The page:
RE: Preparation Time For Recipes

It takes a lot longer to develop a recipe than it does to replicate a recipe.

For that reason the prep times are not given.

To estimate the time for each procedure after the fact would not be accurate enough for my tastes.

The number of ingredients aren’t necessarily an indicator of preparation time.






 

WATCH YOUR WEIGHT | BE A WORK IN PROGRESS

WATCH YOUR WEIGHT | BE A WORK IN PROGRESS

Too often we set unrealistic short-term goals that should be in the long-term category. We’re always going to start tomorrow or next week and those weeks turn into years, because the job of reaching the goal is overwhelming.

Your weight doesn’t begin and end with a weight goal. Look at yourself like you look at everything else. This needs improvement, something else does, then set about changing what you don’t like by tweaking, instead of overhauling.

Eat a little less to begin.

Start thinking about what your body needs rather than what you think it wants.

Stop thinking that you can never lose that excess weight. You can and will, understanding that you’re the one who controls what you put into your gut.

If you raise children, you don’t start out being the perfect parent. It’s a work in progress as you make adjustments in your approach from day-to-day.

When you go to work, same thing. You adjust to new information, new duties, changes in the job description, new bosses etc.

Do the same with how you approach what’s best for your body. Allow yourself to be that work in progress.

Remember, goals without a plan won’t work. Saying that you’ll do something tomorrow or next week won’t work. Declining the candy bar or super-sized soda pop or second or third helpings of food works in the moment. That’s when you’re plan goes into effect–when you’re faced with a decision to do, or not to do.

Feeding your body the same huge volume even when it’s all good food is not the solution.

Over-stuffing your gut is dangerous no matter what you over-stuff it with. Remember, the gut pushes up against the heart. Push too hard and it restricts the heart’s ability to beat unencumbered. Think of it as blowing up a balloon beyond capacity.

People often end up in the emergency room thinking they’re having a heart attack after they’ve eaten a large meal. The doctor says it’s indigestion, which translates to the lay person as ‘what’ they ate, not that they ate too much. ‘Get rid of the gas’ is the usual prescribed remedy, when actually ‘put your fork down’ should be the primary prescription. Eat less food and you’ll create less gas.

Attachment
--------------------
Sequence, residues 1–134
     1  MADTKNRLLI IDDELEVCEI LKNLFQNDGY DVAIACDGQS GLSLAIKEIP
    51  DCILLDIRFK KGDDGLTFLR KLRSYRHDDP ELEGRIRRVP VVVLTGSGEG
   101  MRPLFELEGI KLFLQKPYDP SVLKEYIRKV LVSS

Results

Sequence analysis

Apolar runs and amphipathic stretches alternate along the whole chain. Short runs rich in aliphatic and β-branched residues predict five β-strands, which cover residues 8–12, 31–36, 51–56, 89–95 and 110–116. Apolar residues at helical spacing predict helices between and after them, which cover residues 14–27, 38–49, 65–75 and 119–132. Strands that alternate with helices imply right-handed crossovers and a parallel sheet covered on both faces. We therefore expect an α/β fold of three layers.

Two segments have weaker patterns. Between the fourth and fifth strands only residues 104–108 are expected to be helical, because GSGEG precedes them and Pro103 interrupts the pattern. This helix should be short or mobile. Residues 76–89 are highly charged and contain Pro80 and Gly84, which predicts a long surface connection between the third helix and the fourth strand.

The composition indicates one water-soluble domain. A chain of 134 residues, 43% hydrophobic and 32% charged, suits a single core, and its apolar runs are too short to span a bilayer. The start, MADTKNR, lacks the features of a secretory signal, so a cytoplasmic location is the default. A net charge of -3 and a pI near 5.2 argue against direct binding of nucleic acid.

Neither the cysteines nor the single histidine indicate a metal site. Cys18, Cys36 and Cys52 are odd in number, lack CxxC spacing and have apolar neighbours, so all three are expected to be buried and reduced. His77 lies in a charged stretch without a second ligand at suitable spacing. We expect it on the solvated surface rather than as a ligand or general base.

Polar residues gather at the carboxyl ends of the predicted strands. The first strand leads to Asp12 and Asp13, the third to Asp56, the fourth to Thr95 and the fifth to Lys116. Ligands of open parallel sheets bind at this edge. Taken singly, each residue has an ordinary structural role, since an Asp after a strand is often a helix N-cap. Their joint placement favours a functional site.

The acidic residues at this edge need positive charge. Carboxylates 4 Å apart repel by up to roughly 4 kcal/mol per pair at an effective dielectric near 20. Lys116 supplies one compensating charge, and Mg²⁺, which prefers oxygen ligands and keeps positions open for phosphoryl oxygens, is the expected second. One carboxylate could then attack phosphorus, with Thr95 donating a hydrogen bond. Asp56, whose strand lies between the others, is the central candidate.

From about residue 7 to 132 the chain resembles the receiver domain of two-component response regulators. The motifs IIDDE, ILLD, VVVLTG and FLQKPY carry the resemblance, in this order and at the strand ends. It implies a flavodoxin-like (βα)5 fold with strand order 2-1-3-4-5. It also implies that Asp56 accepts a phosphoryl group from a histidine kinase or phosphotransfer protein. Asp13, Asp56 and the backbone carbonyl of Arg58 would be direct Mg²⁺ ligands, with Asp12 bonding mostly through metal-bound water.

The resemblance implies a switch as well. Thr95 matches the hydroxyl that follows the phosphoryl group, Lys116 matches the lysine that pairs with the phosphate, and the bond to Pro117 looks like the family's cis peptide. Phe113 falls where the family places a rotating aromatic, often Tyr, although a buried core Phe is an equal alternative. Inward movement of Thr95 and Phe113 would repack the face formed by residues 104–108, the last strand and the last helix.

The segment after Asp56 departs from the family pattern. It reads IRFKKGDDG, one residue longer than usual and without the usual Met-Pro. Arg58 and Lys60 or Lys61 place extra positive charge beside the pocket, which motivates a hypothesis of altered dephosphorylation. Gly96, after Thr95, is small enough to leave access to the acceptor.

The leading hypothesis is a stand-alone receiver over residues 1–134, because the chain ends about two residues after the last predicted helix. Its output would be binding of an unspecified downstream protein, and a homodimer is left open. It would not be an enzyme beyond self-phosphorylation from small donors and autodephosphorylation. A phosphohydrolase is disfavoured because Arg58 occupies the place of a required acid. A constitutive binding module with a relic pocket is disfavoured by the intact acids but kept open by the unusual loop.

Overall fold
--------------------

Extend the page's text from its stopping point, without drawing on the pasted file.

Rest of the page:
Give your heart a fighting chance. Keep smothering it and eventually when you climb that flight of stairs, when your heart needs to pump harder, your bloated gut will block your heart’s effort to get up those stairs. The heart will circumvent by beating a lot of short beats quickly in order to compensate, then because it’s beating so fast will flip into arrhythmias. Next thing you know you’re in the hospital.

Sure it takes discipline. But you get up everyday don’t you? You shower and dress and go to work and come home and watch T.V. or go back to work a second job. That all takes discipline. So it isn’t that you’re lacking in the discipline department. Eating a mammoth amount of food takes discipline too.

Stop asking other people why you do it. It tastes good, it feels good. No it doesn’t. You feel like hell. Then why do I do it? Ask yourself that question. Nobody knows you like you know yourself. Why do you go to work everyday? Because I have to. Why do you get up everyday? Because I have to. Why do you eat so much? Because I have to. No you don’t. That’s one thing you don’t have to do. Yeah, but I do it anyway. Try doing something you don’t have to do. You just might like that feeling of freedom. Just because you feel enslaved by everything else in your life, doesn’t mean you have to enslave yourself in areas that you have total power over.